Few people would argue that air travel doesn't stink on same days, but what about their fellow passengers?
Well, the smell of one passenger was so bad that he was apparently asked to leave a recent Air Canada regional airline flight.
The Air Canada Jazz flight from Charlottetown, on Prince Edward Island, was preparing for the two-hour flight to Montreal when passengers on the plane reportedly complained about the odor coming from one of their fellow travelers. The crew eventually decided to ask the man to leave the plane.
"As an airline, the safety and comfort of our passengers and crew are our top priorities," Air Canada Jazz spokeswoman Manon Stuart said in an e-mail statement. "Therefore, any situation that compromises either their safety or comfort is taken seriously and in such circumstances the crew will act in the best interest of the majority of our passengers."
An Air Canada employee moved Penny Walsh of Charlottetown to another seat so she would not have to ride alongside the man who was giving off the unpleasant aroma.
"People were just mumbling and staring at him," Walsh told the Prince Edward Island Guardian, describing the man as unkempt. "The guy next to me said, 'It's brutal.'"
She said the incident delayed the flight by only 15 to 20 minutes.
"Kudos to the [Air Canada] staff because it's a very uncomfortable situation," she told the Guardian. "I honestly think in this situation, they handled it appropriately."
Reached on her cell phone today by ABC News, Walsh declined to be interviewed, saying that she didn't want more attention drawn to the man.
Stuart confirmed that a passenger was removed from the Feb. 6 afternoon flight but would not say exactly why the passenger was asked to leave, saying the airline "must respect the privacy of our passengers.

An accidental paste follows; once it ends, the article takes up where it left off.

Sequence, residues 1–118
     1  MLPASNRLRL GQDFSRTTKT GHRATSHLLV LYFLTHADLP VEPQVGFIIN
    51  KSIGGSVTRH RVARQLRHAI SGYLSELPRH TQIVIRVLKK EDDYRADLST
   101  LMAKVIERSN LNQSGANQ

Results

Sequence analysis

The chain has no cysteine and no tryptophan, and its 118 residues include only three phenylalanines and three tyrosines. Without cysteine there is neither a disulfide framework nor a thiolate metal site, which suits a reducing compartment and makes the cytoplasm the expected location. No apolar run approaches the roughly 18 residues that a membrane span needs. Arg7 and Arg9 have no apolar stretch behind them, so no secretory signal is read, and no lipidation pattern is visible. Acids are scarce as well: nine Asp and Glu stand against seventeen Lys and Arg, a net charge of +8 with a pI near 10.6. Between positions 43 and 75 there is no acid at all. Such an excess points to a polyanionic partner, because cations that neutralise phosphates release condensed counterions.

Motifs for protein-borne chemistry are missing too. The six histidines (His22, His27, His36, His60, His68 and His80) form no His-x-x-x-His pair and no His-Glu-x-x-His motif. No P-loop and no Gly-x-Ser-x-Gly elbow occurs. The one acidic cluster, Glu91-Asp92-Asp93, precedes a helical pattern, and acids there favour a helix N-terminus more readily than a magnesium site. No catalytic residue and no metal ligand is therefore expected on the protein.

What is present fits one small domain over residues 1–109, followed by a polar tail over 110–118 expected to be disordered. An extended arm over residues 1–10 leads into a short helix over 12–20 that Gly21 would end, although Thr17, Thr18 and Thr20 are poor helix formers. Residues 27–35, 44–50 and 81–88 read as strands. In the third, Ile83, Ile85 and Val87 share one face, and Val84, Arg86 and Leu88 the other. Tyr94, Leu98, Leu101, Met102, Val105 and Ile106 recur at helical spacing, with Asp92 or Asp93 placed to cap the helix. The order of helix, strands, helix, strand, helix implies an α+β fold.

"Our crew dealt with the situation according to our standard operating procedures," she added.
The U.S. passenger was reportedly allowed to travel on a flight the following morning.
Passengers are often asked to leave an aircraft if they are unruly, intoxicated or refuse to follow crew instructions. A series of passengers have also been asked recently to deplane because they were too fat to fit into their seats, the most recent being actor-director Kevin Smith. He was kicked off a Southwest Airlines flight Saturday. Being too fat to fit into your seat not only creates a comfort issue for other passengers but also a safety concern.
As for having bad body odor, well, that just creates an uncomfortable situation for everybody trapped next to him or her and unable to open a window.
Air Canada Jazz's Stuart said that in some circumstances it may become necessary for the crew to remove passengers whose behavior is perceived to pose a threat to the safety or comfort of other customers, the crew or even the aircraft.
"They are professionals who are well-trained to handle challenging situations," she said. "It's important to understand that our crew members make every effort to resolve a situation before it becomes an issue."
As airplanes try to squeeze more money out of every flight, passengers are finding themselves cramped and having to interact with their fellow fliers more than ever before.
"Until recently, passengers had gotten accustomed to empty middle seats and vacant overhead storage, those days are over," said Rick Seaney, CEO of airfare-search site FareCompare.com and an ABCNews.com columnist.
"Airlines have spent the last few years adding hefty checked bag fees, trimming back flights and discounting tickets, filling planes to the gills with bags and bodies and making ample personal space a figment of years gone by. "